Your 'ATM idea' of gov't is just a variation on the 'starve the beast' idea that has been demonstrated to be a 100% failure over the last few decades when applied to the Federal gov't.

Dan Weber writes:

More often than not spending decisions are made before revenue decisions are made.

Eventually revenue decisions must be made. Just like I can more often than not ignore my gas tank, eventually I can't.

NB that I don't think "starve the beast" has any evidence to support it. Revenue and spending have been inversely correlated over the past generation.

.

. . . Also, under PAYGO (like in the 1990s), spending decisions and revenue decisions are made at the same time.

Boonton writes:

PAYGO, though, only applies to a subset of spending. As you point out revenue and spending are inversely correlated.

This makes sense if you think about it. First of all, tax increases are more likely to happen in a booming economy. Resentment for the tax increase (whether by voters or exploited by other politicians trying to win office) might be countered by an effort (or the appearence of an effort) to control spending. Pushing through added spending just makes it look like the tax increase was enacted to pay for the spending which is awkward for the political class in power.

In a slack economy, both left and right have narratives to enable spending and deficits. The left has Keynesian theory, the right has discredited supply side theories that favor tax cuts. Supply side "theory" is nowadays more of a religion designed to vindicate everything that its adherents like to imagine happened during the 8 years Regan was President. As a result, one of its side doctrines is that 'deficits don't matter' as tax cuts will generate the growth and revenue to make them irrelevant over the long run. This makes for a perfect synergy between left and right. The left can get its spending by offering the right some tax cuts in a recession.

Long story short the 'ATM Theory' does not hold. Revenue rushing into the Treasury is more likely to result in slower spending and vice versa. This is the opposed to most individuals who pick up their spending if they suddenly get an influx of revenue and vice versa.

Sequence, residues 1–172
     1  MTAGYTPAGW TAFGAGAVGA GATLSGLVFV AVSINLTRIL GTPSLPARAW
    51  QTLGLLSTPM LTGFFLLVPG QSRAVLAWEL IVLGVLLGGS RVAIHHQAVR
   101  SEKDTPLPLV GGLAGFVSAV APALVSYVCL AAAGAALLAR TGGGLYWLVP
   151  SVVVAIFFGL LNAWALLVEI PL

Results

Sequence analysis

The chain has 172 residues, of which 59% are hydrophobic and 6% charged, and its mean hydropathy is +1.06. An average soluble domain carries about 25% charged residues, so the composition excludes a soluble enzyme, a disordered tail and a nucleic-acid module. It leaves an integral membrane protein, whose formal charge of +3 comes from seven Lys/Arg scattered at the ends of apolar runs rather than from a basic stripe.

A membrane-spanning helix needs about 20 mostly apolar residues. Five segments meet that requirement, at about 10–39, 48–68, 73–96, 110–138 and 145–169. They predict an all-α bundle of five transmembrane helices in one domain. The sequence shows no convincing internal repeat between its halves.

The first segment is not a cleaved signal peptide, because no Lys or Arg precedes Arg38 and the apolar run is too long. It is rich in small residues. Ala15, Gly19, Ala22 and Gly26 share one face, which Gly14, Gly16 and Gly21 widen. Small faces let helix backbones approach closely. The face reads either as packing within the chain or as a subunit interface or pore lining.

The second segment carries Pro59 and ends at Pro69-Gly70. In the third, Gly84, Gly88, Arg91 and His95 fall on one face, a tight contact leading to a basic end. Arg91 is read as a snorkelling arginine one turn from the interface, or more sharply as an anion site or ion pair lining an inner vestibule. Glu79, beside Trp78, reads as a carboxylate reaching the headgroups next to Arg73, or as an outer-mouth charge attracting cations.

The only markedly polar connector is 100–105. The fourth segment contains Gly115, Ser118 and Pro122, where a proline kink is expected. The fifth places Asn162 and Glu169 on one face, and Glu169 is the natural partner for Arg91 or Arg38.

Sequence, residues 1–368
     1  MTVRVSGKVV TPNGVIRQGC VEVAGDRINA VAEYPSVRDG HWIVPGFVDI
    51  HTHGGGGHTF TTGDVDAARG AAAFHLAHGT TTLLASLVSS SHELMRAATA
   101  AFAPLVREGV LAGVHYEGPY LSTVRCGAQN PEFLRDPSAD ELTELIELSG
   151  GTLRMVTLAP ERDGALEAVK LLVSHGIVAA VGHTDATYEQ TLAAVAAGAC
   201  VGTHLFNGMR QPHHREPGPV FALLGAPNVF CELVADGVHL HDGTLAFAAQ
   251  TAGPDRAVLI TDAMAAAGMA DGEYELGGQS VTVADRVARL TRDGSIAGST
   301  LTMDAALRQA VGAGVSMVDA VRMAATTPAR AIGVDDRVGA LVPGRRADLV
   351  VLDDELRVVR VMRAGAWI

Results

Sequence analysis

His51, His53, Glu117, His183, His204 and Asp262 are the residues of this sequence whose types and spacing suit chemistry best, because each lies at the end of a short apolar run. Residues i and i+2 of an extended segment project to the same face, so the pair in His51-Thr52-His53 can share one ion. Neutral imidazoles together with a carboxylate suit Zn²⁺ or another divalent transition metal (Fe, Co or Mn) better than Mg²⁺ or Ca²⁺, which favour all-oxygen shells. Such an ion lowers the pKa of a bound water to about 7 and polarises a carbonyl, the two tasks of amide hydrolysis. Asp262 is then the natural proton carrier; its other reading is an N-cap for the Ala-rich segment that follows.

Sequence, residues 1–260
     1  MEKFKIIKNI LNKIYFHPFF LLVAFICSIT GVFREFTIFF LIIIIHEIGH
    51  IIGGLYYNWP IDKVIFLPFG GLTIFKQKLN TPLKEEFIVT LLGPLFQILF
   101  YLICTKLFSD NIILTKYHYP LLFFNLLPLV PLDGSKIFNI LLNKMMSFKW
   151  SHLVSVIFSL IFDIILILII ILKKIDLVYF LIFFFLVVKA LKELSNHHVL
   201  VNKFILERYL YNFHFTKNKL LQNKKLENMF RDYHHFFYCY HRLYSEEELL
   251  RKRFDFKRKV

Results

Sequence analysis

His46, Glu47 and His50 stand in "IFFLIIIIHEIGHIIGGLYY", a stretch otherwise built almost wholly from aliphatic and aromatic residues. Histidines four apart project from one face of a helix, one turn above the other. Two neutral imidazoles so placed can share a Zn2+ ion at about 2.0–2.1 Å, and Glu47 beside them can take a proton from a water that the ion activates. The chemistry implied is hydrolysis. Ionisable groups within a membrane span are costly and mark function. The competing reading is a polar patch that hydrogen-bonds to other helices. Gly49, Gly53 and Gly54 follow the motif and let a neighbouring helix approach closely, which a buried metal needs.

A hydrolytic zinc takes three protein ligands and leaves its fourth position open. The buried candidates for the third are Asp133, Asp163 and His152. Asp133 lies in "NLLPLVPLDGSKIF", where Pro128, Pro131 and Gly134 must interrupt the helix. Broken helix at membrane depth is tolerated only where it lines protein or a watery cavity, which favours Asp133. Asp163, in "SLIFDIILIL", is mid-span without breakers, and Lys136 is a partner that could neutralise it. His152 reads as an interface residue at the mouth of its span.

Kevin writes:

I don't think Bartlett was calling Tamny a crackpot. At first glance and upon further reflection, I have the same reading as Steve Reilly.

kharris writes:

Bartlett thinks default is bad. As another commenter has pointed out, Bartlett is on record saying so. When one chooses to take on Bartlett in general, as well as in the specific instance in question, one ought to go to the trouble of looking up his views. He doesn't hide them.

A commenter complains that Bartlett seems to be in the business of criticizing "conservative economics". Well, to the extent that "conservative economics" is merely a label used by self-proclaimed conservatives, that is a fair comment. On the other hand, if we take the two - "conservative" and "economics" - words at face value, Bartlett is defending "conservative economics" against a bunch of radical know-nothings. There is nothing "conservative" about abrogating commitments. Defaulting on debt when one has the wherewithal to pay that debt is tantamount to lying. Nothing new about lying, I guess. There is nothing "conservative" about structural budget deficits, but that seems to be the legacy of the GOP since Reagan took office.

Bartlett has tacitly admitted that he had no gripe with Straussian tactics when he worked for Kemp and Reagan. If Kemp wanted to claim tax cuts were fully self-financing, well that's politics. Bartlett seems to have matured out of Straussianism, and is now in the business of defending conservatism against Straussian scheming.

Tom Grey writes:

Despite Boonton's constant trashing of "starve the beast", I haven't seen an alternative in practice working better to reduce gov't spending.

On default, as long as the USA is the main world's financial currency, it will print money first.

In fact, it can right now, and I think it should. The inflation tax is pretty fair and widespread. The huge costs of it are when it's over 5% or so; or more than the unemployment rate?
(Higher unemployment plus negative inflation does NOT reduce the misery index!)

Default fears will be more relevant when the US is borrowing from the Chinese ... in Renminbi, not USD. The Chinese might be offering much, much lower interest rates if the US does do "too much" printing of cash to fund spending.